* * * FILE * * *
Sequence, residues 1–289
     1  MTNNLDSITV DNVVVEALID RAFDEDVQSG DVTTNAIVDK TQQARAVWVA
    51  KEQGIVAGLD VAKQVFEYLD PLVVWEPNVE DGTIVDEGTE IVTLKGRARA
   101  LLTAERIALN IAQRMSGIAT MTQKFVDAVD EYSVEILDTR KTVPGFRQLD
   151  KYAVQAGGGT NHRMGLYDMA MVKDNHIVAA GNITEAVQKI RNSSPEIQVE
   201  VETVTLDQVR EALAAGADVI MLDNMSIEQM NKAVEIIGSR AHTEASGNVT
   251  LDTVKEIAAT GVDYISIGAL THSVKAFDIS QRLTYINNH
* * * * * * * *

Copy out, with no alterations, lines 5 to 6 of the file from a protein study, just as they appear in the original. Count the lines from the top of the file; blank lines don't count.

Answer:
   151  KYAVQAGGGT NHRMGLYDMA MVKDNHIVAA GNITEAVQKI RNSSPEIQVE
   201  VETVTLDQVR EALAAGADVI MLDNMSIEQM NKAVEIIGSR AHTEASGNVT